There might not be any commercial micro-LED panels in production yet, but already the technology is emerging as the most likely successor to today’s high-end smartphone displays. As well as boasting image quality that’s at least on par with OLED, micro-LED technology also promises lower power consumption, higher peak brightness, and even more pixel-dense panels.
However, there are exciting new prospects on the horizon that fall outside of image quality as well. Micro-LED displays could also usher in the era of the smart display. In other words, displays that have other bits of electronics embedded within them, allowing them to perform tasks in addition to today’s capacitive touch and image display functions.
What is micro-LED? What should you know about it?
How would it work?
One of the lesser talked about benefits of micro-LEDs is their very compact size. At sub 100 µm, these LEDs are slimmer than the width of a human hair. When placed in a display panel matrix, these LEDs have more space left in between them than conventional sub-pixels, which can be filled with other bits of circuitry, alongside the TFT plane. Furthermore, micro-LED aperture is said to be just 10 percent, meaning a narrow and efficient exit for the light straight out of the display. This means that placing components next to the LEDs won’t compromise their aperture or brightness.
The smart display isn’t an entirely new idea. Companies, including Apple and Samsung, have been attempting to embed fingerprint scanning capabilities built into current generation OLED displays. Although these efforts haven’t found their way into their latest smartphone releases due to the technical difficulties, most likely related to the limited spare room and production difficulties. Switching to micro-LED would give engineers more space to work with.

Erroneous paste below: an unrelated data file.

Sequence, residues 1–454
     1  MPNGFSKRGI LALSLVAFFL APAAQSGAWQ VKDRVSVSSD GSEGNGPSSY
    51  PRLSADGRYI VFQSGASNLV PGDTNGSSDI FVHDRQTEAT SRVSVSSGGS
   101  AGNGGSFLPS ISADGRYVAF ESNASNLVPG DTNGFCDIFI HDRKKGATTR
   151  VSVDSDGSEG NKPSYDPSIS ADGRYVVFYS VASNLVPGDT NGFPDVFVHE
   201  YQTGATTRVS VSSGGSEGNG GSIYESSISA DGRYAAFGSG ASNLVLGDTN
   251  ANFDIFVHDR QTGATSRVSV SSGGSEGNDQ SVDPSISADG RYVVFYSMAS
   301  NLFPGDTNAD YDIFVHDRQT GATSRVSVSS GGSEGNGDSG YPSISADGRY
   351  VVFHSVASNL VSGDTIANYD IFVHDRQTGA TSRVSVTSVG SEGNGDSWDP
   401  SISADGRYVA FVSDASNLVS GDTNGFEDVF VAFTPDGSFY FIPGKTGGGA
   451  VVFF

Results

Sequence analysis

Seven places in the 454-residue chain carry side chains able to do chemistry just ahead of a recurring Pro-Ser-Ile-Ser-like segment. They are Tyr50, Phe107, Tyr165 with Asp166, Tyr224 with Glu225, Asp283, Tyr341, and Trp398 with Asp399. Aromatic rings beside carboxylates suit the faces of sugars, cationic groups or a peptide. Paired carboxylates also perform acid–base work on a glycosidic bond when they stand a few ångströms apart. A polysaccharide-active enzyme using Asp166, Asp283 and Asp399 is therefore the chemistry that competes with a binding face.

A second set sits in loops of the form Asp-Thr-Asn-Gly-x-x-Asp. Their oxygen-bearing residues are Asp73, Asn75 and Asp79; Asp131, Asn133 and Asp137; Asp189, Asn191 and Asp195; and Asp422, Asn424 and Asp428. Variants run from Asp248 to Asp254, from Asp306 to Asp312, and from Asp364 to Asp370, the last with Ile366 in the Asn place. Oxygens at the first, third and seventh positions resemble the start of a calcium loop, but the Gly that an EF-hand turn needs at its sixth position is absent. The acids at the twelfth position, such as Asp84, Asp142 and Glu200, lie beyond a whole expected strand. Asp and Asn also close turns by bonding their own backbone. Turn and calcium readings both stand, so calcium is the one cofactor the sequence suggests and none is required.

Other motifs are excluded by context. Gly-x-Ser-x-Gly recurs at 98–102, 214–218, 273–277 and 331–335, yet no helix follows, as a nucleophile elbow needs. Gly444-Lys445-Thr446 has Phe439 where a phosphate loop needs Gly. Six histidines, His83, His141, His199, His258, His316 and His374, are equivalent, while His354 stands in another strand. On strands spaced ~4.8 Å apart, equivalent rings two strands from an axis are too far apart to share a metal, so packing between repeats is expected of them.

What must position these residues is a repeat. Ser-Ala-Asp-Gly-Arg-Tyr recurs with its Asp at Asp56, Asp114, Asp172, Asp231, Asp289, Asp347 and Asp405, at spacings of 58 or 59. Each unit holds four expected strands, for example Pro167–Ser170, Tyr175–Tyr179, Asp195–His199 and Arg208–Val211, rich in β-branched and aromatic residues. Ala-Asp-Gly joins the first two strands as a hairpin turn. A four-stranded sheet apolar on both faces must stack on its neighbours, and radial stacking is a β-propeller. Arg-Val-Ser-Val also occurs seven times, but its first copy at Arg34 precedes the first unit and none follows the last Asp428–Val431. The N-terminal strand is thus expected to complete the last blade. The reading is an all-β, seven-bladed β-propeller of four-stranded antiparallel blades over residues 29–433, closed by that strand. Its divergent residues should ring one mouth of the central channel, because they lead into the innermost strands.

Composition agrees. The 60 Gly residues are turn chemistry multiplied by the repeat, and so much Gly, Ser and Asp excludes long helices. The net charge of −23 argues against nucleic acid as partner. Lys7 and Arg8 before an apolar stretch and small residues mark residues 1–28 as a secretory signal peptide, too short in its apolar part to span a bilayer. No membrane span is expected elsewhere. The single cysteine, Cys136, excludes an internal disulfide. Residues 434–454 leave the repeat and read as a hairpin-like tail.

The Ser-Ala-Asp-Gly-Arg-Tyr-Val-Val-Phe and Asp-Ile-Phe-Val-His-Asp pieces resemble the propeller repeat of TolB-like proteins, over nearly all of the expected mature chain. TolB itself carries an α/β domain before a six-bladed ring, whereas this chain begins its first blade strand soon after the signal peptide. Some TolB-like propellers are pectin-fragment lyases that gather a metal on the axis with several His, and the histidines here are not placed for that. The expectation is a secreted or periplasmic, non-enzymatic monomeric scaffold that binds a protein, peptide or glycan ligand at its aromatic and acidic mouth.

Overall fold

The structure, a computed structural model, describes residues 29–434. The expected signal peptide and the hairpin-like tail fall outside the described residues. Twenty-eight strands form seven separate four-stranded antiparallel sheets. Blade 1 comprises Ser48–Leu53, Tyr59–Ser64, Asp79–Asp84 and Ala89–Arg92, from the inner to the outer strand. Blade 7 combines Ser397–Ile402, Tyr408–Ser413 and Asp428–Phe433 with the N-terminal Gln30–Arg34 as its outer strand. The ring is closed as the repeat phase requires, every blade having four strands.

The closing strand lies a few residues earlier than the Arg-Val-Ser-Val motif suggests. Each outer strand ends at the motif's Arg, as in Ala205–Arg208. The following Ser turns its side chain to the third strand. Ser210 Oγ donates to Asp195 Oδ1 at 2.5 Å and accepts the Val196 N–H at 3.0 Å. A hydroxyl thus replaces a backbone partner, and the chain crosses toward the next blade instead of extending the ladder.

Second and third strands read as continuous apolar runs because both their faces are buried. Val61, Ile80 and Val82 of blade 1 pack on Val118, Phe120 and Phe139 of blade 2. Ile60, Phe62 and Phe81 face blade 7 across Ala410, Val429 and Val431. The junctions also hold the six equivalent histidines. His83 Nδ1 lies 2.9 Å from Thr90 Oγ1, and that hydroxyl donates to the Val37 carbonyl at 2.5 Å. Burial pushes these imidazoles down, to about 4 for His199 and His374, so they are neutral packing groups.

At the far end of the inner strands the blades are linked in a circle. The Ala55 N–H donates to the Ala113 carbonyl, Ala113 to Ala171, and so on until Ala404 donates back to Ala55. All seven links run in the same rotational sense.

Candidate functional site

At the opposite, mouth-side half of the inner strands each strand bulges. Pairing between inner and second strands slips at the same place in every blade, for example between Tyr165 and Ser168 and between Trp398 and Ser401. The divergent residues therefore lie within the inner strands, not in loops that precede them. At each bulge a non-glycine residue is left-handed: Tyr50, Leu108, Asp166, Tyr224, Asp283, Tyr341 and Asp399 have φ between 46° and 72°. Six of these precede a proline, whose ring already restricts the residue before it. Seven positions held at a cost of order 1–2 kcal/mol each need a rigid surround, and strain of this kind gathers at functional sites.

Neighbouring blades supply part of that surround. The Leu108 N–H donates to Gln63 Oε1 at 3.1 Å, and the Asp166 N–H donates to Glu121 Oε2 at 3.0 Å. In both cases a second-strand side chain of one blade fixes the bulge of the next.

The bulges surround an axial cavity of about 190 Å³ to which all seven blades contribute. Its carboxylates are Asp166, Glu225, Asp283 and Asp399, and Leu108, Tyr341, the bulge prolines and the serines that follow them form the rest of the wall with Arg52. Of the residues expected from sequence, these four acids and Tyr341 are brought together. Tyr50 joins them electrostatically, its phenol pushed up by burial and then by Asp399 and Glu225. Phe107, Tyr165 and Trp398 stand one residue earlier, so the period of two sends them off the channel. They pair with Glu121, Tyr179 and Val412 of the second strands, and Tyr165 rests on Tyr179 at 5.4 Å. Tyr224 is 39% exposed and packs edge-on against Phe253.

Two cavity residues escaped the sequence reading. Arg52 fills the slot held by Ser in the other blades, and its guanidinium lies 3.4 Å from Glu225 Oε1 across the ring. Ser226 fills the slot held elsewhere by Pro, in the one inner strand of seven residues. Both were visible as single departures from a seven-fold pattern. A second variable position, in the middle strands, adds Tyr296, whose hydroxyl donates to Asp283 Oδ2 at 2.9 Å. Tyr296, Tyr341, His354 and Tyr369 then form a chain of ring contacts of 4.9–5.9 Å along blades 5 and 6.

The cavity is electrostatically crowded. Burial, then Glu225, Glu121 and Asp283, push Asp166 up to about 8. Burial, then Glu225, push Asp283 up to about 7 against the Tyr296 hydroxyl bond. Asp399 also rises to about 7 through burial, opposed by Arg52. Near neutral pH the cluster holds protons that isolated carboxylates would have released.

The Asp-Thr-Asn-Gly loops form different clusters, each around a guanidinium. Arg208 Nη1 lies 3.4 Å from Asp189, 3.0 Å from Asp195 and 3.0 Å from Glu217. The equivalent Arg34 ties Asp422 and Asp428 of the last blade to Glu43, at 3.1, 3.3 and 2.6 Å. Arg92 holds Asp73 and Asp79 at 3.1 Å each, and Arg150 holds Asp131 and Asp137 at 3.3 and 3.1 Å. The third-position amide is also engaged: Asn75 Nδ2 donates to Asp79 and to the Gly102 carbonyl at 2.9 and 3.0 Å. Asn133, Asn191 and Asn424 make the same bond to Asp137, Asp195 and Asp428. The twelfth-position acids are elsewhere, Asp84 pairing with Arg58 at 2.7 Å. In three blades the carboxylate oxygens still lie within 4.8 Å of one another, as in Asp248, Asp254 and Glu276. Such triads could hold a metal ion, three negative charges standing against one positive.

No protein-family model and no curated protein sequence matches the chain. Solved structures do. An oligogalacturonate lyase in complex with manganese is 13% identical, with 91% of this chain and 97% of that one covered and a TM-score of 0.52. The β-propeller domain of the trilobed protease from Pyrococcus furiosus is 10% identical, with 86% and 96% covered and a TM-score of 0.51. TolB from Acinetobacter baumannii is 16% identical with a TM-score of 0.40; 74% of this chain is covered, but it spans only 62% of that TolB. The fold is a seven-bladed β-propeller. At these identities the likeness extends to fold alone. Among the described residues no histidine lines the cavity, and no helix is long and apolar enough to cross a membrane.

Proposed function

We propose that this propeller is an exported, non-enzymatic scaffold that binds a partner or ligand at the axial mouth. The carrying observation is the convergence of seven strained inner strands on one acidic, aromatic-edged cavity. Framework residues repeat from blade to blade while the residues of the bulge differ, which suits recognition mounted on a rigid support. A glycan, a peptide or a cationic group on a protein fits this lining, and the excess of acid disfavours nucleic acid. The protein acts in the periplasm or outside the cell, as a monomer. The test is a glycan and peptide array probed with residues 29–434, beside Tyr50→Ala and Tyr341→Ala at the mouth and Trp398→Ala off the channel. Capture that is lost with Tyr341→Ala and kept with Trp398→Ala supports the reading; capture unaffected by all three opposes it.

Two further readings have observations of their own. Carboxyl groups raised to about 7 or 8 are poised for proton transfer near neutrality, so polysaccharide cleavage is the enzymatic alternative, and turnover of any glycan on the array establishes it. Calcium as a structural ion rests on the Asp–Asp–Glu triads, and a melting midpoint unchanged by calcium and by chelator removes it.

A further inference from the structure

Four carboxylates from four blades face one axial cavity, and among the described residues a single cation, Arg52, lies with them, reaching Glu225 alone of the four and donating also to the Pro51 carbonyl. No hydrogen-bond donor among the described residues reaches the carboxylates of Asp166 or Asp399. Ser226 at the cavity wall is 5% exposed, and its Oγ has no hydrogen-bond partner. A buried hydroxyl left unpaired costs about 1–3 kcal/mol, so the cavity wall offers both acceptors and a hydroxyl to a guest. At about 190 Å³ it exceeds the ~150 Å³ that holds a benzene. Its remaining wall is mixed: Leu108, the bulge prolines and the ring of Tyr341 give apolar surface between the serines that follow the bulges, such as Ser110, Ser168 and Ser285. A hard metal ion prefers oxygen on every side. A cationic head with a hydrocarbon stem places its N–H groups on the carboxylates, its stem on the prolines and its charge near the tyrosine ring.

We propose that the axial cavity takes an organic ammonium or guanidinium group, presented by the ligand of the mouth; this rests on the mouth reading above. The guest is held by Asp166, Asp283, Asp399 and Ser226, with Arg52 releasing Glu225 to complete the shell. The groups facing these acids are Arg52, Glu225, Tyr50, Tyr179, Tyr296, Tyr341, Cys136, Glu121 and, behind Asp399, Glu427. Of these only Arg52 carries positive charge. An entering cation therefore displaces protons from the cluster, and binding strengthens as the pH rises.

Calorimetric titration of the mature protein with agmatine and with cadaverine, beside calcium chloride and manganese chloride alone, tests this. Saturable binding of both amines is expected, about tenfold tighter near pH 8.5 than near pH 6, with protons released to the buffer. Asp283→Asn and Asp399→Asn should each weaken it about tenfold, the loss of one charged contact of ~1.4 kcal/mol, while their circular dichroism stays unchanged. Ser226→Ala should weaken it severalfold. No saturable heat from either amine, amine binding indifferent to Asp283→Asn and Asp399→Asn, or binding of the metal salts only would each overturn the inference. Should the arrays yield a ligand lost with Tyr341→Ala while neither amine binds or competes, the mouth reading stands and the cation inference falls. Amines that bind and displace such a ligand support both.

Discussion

SlideShare There’s a notable amount of space next to the LED sub-pixel that could house new sensor components to help build ‘smart displays’. But there’s limited space for additional circuitry near the backplane. Smaller transistors or an additional circuitry layer may also be needed.
That being said, there are some limitations on the types of components that could fit in between these micro-LEDs. Medium or large sized ICs or processing components would certainly be too large to fit. Remember we’re dealing with just micrometers of space in a high resolution panel. Instead, complementary circuitry would be limited to small individual components like transistors, resistors, and other diodes. These can still form complex and useful circuits, but any major processing would still have to be offloaded elsewhere.
The drawback is that etching additional custom electronics into a LED wafer or chip for TFT bonding, the most likely manufacturing technique for the first generation micro-LED panels, would be difficult, costly and rather limited in potential applications. It also might not be economically viable if lots of different companies want different things. Embedded fingerprint scanners might eventually be a universal smartphone feature, but the same couldn’t necessarily be said for facial scanning or temperature sensing applications.
Instead, it could make more sense for micro-LED – Source